When you become a stepparent, you take on a big responsibility. You’ve become a vital adult figure in your stepchild’s life. You provide for that person emotionally and physically. Not only that, but you’ve probably enjoyed many shared experiences together. Now, you might be considering adopting your stepchild. You love your stepchild and want to provide them with the benefits that will come with being legally bound as a family.
Though you didn’t contribute to their biology, you are dedicated to supporting and parenting them through all the ups and downs of life. You have a unique place in this child’s life, which means you are in a unique position within their family. A stepparent adoption lawyer is the best resource you have in your search to provide your stepchildren with a stable family.
The Meaning of Stepparent Adoption
Stepparent adoption is the legal process through which a stepparent adopts their stepchild. Adoption is a legal process where a child or children are permanently taken in by an adult who is not their biological parent. When a stepparent adopts their stepchild, he becomes the legal parent of that child. The adoption process is the same whether it is a stepparent, a biological parent, or a third party adopting a child. A stepparent has the same rights as a birth parent when it comes to child custody and visitation.
The Legal Consequences of Adoption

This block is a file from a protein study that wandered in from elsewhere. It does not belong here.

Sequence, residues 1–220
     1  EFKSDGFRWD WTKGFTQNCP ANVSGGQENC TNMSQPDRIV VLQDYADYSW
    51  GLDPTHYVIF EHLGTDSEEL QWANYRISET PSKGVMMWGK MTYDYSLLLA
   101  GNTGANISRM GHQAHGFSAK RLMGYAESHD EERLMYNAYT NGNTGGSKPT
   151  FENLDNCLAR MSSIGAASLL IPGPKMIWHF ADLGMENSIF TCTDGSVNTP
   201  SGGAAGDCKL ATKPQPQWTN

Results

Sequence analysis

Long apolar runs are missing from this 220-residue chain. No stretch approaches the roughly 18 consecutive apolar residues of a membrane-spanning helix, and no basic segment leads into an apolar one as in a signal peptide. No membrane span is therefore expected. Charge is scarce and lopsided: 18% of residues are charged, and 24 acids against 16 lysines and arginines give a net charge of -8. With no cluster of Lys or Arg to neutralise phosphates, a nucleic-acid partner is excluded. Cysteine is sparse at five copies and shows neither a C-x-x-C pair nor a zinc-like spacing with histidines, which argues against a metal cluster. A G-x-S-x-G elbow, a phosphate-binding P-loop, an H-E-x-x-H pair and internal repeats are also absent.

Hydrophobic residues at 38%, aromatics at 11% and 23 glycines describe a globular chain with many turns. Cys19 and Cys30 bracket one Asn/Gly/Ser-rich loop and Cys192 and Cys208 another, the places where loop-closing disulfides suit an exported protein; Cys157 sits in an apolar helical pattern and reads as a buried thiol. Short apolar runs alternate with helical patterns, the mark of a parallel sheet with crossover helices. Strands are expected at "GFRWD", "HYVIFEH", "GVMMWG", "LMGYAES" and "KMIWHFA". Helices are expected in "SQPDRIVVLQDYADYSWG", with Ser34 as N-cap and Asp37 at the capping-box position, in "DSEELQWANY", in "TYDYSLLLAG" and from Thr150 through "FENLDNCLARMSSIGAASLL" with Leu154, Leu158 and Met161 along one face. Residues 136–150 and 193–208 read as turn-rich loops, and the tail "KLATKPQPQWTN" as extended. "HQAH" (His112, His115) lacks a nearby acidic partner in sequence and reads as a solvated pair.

The biological parent, the adoptive parent, and the child are all legally affected by a stepparent adoption. You must accept and comprehend the ramifications. When in doubt, speak with an attorney.
A child loses any claim on any inheritance from their prior family members. No one has the legal right to dispute a will or claim for a statutory portion of an estate on behalf of an absent parent, grandparents, or other relatives who have relinquished parental rights in favor of adoption. Still, they are free to make voluntary contributions to the child.
The adoptive parent assumes all parental rights and obligations. In the event of a divorce, your adopted stepchild will be entitled to child support. Though it reduces the percentage of your inheritance belonging to your biological children, your adopted child can claim a portion of those assets.
The child’s biological parent has to be made aware of the adoption’s legal status. Divorced couples are entitled to visitation and even custody of their adopted children. If, after the divorce, your new spouse would like to adopt the child, permission would have to be given by the adoptive parent rather than the child’s biological parent as was required for the initial adoption.
The Stepparent Adoption Requirements
Several things are necessary, and a few things need to happen before the adoption is finalized.
- Birth certificate, Marriage Certificate and Divorce Papers
Certified copies of the child’s birth certificate, your marriage certificate, and divorce papers (if the child’s biological parents were married) are a must-have. You should get a certified copy of the death certificate if the absent parent has passed away.
- Physical Address of Noncustodial Parent for Petition Service